When he made his promised return to the Philippines, MacArthur made a production of the day by climbing out of his boat and wading ashore with his men. The dramatic photographs drove home his point: He had returned, in spite of all Japanese efforts to stop him.
Eisenhower had power struggle after power struggle during WWII, but he almost always came out on top. He insisted on having personal control of battle planning ... and his instincts were often correct.
Patton had several commands during the war. But his leadership of the Third Army in France and then Germany was what really catapulted him to fame.
As the Pacific Theater drew to a close, MacArthur began planning Operation Downfall, the planned invasion of Japan. Fortunately, this operation was never necessary, as the Japanese surrendered.
Eisenhower did everything he could to secure an overseas assignment during the First World War, but it wasn’t meant to be. His channeled his disappointment into ever-greater achievements a generation later.
After MarArthur escaped the Philippines, American leaders were worried that the Japanese would use his retreat for propaganda purposes. So ... they gave him the Medal of Honor to make his withdrawal seem heroic.
Patton was certain he’d been a warrior in previous lives, dating at least back to the days of the Roman Empire. And he was equally sure that he’d lead armies again in his next life.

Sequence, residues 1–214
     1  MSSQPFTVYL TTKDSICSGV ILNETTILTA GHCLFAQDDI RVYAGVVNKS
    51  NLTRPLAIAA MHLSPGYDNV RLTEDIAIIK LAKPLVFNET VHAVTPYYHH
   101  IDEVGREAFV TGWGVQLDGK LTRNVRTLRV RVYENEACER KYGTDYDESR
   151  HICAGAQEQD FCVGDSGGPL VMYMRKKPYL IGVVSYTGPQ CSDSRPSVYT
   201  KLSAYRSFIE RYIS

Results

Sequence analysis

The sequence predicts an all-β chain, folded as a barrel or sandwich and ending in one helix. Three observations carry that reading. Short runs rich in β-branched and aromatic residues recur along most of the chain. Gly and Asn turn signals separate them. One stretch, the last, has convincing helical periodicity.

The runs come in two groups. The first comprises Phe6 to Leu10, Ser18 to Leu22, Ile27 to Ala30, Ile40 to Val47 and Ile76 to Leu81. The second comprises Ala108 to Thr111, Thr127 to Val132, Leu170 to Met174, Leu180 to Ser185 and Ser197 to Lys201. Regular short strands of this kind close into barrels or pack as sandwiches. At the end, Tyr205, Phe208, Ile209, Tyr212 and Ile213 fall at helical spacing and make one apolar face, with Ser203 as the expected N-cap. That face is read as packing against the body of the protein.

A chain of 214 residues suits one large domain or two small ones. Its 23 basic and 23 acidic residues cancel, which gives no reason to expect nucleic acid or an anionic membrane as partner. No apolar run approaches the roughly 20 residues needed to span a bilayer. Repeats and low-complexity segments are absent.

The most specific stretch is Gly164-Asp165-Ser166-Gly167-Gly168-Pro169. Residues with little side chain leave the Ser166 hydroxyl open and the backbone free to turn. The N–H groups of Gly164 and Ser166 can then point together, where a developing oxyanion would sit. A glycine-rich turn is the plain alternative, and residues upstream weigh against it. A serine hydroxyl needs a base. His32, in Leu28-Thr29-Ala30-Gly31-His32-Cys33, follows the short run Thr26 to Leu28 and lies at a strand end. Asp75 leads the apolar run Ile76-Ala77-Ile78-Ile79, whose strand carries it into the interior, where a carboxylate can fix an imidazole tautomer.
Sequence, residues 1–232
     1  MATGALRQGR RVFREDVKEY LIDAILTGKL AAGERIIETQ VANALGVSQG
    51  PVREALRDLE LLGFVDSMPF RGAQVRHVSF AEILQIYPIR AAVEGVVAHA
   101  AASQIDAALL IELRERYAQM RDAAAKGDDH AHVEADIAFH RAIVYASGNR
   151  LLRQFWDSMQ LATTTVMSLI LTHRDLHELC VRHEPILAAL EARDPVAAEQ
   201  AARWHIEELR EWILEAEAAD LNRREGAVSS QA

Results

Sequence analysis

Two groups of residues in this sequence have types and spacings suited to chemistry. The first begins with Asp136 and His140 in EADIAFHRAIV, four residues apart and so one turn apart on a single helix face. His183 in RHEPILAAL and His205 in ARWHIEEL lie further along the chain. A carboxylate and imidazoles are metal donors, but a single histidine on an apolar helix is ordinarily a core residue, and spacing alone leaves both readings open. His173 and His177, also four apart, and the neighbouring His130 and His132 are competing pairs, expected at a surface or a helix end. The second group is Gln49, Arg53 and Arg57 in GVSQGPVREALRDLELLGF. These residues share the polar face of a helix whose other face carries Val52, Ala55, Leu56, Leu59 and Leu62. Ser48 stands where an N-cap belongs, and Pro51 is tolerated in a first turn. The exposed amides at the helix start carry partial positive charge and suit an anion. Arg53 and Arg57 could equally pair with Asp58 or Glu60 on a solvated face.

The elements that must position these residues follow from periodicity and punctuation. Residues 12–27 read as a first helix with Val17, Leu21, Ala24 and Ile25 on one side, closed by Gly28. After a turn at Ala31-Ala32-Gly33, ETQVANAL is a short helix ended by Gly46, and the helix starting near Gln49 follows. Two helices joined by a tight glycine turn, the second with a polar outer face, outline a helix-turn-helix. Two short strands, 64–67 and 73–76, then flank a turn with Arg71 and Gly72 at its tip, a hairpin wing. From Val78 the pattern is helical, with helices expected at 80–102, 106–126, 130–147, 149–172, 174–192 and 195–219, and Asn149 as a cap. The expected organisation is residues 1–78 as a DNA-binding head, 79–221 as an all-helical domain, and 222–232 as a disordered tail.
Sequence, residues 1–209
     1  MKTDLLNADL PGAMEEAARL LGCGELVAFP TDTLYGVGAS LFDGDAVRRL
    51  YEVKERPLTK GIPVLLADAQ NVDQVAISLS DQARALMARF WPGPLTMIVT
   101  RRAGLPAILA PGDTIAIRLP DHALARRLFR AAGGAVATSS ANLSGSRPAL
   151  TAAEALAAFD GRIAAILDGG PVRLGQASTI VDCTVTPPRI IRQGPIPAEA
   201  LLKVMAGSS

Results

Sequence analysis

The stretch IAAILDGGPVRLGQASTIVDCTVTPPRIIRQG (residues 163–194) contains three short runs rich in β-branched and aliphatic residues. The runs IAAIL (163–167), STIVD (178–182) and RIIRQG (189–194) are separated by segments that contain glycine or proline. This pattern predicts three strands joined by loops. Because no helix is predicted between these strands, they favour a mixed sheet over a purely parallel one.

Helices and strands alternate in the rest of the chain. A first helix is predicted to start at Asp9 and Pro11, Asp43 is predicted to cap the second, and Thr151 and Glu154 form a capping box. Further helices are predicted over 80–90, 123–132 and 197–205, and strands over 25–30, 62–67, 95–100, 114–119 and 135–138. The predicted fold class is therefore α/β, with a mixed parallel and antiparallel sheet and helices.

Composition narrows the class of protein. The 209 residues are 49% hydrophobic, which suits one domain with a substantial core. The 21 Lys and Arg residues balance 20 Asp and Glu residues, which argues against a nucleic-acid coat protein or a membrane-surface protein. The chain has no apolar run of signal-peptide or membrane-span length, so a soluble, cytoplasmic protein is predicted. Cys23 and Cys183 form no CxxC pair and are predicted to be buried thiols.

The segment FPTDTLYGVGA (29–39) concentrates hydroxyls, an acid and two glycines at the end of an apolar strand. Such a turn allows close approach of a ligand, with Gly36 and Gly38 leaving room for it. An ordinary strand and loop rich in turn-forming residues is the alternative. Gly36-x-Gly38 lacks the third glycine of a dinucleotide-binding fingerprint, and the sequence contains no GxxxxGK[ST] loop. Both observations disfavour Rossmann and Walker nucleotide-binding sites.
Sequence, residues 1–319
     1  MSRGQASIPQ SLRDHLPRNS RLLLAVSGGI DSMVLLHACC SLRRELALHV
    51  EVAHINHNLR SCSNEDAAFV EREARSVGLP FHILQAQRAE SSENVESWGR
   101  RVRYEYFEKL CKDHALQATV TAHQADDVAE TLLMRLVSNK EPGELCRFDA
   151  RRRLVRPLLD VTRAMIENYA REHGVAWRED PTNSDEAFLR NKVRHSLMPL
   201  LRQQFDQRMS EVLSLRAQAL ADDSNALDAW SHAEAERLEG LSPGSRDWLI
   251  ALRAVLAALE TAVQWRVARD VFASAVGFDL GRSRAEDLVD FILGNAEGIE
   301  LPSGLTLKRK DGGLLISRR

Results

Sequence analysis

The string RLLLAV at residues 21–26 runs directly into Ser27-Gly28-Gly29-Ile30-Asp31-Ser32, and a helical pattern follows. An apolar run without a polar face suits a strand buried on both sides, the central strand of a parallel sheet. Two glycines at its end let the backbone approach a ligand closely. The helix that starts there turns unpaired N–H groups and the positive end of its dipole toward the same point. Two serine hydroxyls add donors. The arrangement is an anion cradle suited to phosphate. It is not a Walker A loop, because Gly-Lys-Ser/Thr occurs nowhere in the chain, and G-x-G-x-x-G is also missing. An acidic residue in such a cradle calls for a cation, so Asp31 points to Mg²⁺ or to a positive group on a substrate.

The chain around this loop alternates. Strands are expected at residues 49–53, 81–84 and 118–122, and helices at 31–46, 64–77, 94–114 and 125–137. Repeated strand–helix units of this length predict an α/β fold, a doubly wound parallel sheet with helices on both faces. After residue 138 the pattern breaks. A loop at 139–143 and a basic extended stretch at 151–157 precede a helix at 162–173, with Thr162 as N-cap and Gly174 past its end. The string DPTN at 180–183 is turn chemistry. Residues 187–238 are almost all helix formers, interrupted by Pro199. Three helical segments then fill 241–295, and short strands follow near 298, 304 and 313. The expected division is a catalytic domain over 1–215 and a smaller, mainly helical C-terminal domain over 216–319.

Allied forces occupied Japan after the war, from ‘45 to ‘51. MacArthur was the man in charge, and he implemented a broad array of changes to the country, many of which played a role in Japan’s current makeup.
Eisenhower’s political skills were second to none — he was tactful in emphasizing his strategies but accommodating to leaders like Churchill and Montgomery, and their teamwork helped beat back the Axis.
Just half a year after the war’s end, Patton was in a car accident that left him clinging to life. He died days later, probably to take command of another army in another life.
Patton was no stranger to high-flying stunts. He got a pilot’s license and began flying over his troops, all the better to understand effective formations and movements during combat.
Patton wasn’t a great student but he was an excellent athlete. He was part of the pentathlon at the 1912 Olympics, where he nearly won a medal.